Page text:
/rant off

With each successive election cycle, I become more cynical (how is that even possible?) about the candidates and their supposed earnest mission to actually serve the public interest. The last couple cycles have produced a new meme that attempts to shift blame for poor governance to the masses: the low-information voter. Ironically, considering the fact that airwaves, magazines, books, public addresses, online venues, and even dinner conversations (such as they still exist if diners aren’t face-planted in their screens) are positively awash in political commentary and pointless debate and strategizing, there is no lack of information available. However, being buried under a déluge of information is akin to a defense attorney hiding damning discovery in an ocean of irrelevance, so I have some sympathy for voters who are thwarted in attempts to make even modestly informed decisions about political issues.

Multiply this basic relationship across many facets of ordinary life and the end result is the low-information citizen (also low-information consumer). Some parties (largely sellers of things, including ideas) possess a profusion of information, whereas useful, actionable information is hidden from the citizen/consumer by an information avalanche. For example, onerous terms of an insurance contract, debt instrument, liability waiver, or even routine license agreement are almost never read prior to signing or otherwise consenting; the acronym tl;dr (stands for “too long; didn’t read”) applies. In other situations, information is withheld entirely, such as pricing comparisons one might undertake if high-pressure sales tactics were not deployed to force potential buyers in decisions right here, right now, dammit! Or citizens are disempowered from exercising any critical judgment by erecting secrecy around a subject, national security being the utility excuse for everything the government doesn’t want people to know.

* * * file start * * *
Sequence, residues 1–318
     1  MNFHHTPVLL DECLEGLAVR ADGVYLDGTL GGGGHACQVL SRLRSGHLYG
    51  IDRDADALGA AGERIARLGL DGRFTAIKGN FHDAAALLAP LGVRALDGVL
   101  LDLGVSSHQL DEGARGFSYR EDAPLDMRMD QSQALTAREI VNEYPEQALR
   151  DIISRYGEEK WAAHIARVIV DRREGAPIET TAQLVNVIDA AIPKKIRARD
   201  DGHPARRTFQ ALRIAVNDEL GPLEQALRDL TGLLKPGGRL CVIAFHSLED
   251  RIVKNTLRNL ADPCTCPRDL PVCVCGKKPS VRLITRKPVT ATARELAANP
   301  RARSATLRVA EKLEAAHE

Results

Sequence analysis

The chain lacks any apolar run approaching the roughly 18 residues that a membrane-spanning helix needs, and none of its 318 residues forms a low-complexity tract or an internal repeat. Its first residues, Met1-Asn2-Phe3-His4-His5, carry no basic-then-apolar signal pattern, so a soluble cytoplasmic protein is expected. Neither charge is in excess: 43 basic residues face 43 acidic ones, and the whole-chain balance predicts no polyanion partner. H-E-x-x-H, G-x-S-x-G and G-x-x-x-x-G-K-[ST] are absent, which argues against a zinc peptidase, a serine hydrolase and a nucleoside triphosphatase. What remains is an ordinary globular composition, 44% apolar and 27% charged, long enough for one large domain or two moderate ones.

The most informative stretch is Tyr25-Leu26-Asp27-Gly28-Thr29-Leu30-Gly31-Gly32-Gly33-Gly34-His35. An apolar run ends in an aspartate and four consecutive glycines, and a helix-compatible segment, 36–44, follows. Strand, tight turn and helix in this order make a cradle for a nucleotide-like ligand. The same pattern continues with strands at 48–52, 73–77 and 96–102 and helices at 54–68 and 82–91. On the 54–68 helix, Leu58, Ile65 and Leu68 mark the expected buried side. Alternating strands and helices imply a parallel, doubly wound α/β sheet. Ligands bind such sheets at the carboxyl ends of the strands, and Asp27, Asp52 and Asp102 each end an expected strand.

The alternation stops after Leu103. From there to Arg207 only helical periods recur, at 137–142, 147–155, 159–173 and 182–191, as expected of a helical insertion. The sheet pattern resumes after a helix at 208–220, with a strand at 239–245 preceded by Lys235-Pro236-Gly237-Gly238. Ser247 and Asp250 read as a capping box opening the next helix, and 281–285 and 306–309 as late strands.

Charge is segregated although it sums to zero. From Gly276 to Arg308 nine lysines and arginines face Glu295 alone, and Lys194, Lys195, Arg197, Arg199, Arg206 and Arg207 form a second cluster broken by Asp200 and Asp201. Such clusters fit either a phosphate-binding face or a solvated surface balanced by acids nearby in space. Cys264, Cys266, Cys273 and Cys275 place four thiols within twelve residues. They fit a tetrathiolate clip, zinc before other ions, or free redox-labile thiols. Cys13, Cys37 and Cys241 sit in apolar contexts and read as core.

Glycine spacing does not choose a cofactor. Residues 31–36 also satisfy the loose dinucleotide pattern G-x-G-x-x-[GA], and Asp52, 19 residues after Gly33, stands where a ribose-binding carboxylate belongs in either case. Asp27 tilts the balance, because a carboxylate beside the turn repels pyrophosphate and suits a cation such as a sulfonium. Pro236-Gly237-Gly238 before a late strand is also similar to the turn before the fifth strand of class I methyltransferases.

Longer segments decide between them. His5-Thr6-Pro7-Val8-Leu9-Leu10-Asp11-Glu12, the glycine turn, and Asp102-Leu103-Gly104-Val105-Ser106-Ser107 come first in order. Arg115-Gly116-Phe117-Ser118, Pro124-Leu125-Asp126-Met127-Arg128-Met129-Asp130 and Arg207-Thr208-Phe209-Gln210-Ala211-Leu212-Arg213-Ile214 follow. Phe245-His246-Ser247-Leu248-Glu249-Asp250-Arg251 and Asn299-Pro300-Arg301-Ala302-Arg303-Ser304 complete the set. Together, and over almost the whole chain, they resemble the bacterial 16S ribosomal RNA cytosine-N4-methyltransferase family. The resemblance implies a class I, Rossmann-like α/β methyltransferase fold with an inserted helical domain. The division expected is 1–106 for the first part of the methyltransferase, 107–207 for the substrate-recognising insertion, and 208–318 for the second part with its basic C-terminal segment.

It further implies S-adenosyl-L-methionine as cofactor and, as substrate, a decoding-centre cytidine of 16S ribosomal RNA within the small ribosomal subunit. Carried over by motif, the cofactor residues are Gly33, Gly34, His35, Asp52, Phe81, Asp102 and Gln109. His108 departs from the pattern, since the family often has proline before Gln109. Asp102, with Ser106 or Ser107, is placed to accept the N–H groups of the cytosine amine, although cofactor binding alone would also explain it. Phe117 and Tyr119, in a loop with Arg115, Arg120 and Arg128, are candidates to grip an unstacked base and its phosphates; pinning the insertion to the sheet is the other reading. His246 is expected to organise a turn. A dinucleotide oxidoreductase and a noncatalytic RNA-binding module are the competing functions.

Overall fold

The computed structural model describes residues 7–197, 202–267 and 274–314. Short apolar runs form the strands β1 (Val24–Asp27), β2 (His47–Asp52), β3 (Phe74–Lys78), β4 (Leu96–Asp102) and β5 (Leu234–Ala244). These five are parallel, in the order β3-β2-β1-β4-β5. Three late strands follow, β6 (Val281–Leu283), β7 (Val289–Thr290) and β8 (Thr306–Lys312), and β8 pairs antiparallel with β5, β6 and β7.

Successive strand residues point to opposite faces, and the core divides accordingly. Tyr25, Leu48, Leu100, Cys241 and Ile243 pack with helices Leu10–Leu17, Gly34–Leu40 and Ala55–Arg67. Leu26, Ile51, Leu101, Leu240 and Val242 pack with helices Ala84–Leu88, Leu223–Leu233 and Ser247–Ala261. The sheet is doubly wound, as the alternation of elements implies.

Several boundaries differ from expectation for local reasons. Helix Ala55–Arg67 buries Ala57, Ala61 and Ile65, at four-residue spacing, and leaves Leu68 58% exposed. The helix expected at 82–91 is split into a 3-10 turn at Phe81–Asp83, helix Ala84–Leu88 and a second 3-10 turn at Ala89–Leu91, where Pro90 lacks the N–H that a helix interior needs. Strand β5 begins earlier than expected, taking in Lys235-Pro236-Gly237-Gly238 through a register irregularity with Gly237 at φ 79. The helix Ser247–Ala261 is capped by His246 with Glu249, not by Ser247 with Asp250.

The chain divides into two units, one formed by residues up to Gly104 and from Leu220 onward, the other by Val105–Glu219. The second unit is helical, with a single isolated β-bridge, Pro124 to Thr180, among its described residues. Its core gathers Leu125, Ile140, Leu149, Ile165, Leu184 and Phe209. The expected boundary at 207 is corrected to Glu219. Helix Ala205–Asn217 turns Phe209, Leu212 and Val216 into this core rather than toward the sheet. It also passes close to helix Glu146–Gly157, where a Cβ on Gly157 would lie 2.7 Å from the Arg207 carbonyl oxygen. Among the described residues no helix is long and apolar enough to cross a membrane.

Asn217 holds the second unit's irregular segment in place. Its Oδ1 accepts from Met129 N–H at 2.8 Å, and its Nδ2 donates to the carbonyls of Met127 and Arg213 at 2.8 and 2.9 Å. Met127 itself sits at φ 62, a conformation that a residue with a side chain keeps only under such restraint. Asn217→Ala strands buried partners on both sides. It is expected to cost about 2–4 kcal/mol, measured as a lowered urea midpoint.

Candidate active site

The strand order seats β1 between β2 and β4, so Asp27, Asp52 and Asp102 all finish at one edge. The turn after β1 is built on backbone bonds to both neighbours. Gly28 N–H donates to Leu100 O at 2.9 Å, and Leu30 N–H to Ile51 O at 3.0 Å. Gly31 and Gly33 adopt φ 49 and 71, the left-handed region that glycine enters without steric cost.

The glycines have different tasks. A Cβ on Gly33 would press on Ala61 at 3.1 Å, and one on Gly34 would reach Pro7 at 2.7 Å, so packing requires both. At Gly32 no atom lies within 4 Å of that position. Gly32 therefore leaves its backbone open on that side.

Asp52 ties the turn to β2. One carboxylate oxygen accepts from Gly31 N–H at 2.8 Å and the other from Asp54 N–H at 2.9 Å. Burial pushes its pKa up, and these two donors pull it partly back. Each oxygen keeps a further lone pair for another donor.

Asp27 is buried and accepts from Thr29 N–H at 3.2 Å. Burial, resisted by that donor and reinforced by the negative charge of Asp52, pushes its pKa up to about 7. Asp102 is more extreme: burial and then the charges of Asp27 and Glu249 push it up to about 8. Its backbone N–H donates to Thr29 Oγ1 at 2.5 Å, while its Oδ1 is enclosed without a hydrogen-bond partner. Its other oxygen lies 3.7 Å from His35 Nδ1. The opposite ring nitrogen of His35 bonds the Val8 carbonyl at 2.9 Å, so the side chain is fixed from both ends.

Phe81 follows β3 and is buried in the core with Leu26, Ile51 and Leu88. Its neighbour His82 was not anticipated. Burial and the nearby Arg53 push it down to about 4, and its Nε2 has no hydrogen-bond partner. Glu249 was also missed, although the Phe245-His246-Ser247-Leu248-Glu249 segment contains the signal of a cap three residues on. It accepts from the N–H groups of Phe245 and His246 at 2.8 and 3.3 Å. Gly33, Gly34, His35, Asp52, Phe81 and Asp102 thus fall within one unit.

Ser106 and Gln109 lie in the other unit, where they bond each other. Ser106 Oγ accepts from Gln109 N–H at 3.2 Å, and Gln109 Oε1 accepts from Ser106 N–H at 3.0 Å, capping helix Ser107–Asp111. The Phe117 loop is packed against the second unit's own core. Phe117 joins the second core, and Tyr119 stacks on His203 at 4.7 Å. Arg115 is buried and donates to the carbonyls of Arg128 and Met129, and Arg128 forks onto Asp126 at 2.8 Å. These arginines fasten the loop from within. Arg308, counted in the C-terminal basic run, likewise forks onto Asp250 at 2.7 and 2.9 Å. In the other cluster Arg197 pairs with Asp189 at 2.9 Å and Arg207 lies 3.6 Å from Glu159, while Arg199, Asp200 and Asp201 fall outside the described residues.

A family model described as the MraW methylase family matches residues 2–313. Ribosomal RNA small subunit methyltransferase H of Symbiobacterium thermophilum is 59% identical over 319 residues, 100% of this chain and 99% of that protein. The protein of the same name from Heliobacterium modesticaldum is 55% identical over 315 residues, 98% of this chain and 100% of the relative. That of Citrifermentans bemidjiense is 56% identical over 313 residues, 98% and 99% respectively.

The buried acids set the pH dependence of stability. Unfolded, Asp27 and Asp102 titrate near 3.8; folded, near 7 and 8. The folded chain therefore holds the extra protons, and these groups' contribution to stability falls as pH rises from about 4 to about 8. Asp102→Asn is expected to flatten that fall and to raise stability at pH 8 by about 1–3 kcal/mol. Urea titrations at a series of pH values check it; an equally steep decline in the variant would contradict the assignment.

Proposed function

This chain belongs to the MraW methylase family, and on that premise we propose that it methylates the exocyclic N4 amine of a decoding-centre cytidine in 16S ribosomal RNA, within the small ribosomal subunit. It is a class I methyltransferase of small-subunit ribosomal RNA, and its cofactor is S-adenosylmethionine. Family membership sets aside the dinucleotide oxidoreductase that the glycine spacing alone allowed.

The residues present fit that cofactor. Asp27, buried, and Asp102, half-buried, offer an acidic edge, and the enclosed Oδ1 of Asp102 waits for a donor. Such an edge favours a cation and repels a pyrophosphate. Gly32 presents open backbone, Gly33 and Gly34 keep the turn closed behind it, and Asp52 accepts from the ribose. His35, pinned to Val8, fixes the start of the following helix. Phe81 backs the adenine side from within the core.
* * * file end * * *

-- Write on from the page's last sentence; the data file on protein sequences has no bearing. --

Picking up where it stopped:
Add to this the concerted effort (plain enough to see if one bothers to look) to keep the population uneducated, without options and alternatives, scrambling just to get through the day/week/month (handily blocking information gathering), and thus trapped in a condition of low information. Such downward pressure (survival pressure, one might say when considering the burgeoning homeless population) is affecting a greater portion of the population than ever. The American Dream that energized and buoyed the lives of many generations of people (including immigrants) has morphed into the American Nightmare. Weirdly, the immigrant influx has not abated but rather intensified. However, I consider most of those folks (political, economic, and ecological) refugees, not immigrants.

So those are the options available to powers players, where knowledge is power: (1) withhold information, (2) if information can’t be withheld, then bury it as a proverbial needle in a haystack, and (3) render a large percentage of the public unable to process and evaluate information by keeping them undereducated. Oh, here’s another: (4) produce a mountain of mis- and disinformation that bewilders everyone. This last one is arguably the same as (2) except that the intent is propaganda or psyop. One could also argue that miseducating the public (e.g., various grievance studies blown into critical race theory now being taught throughout the educational system) is the same as undereducating. Again, intent matters. Turning someone’s head and radicalizing them with a highly specialized toolkit (mostly rhetorical) for destabilizing social relations is tantamount to making them completely deranged (if not merely bewildered).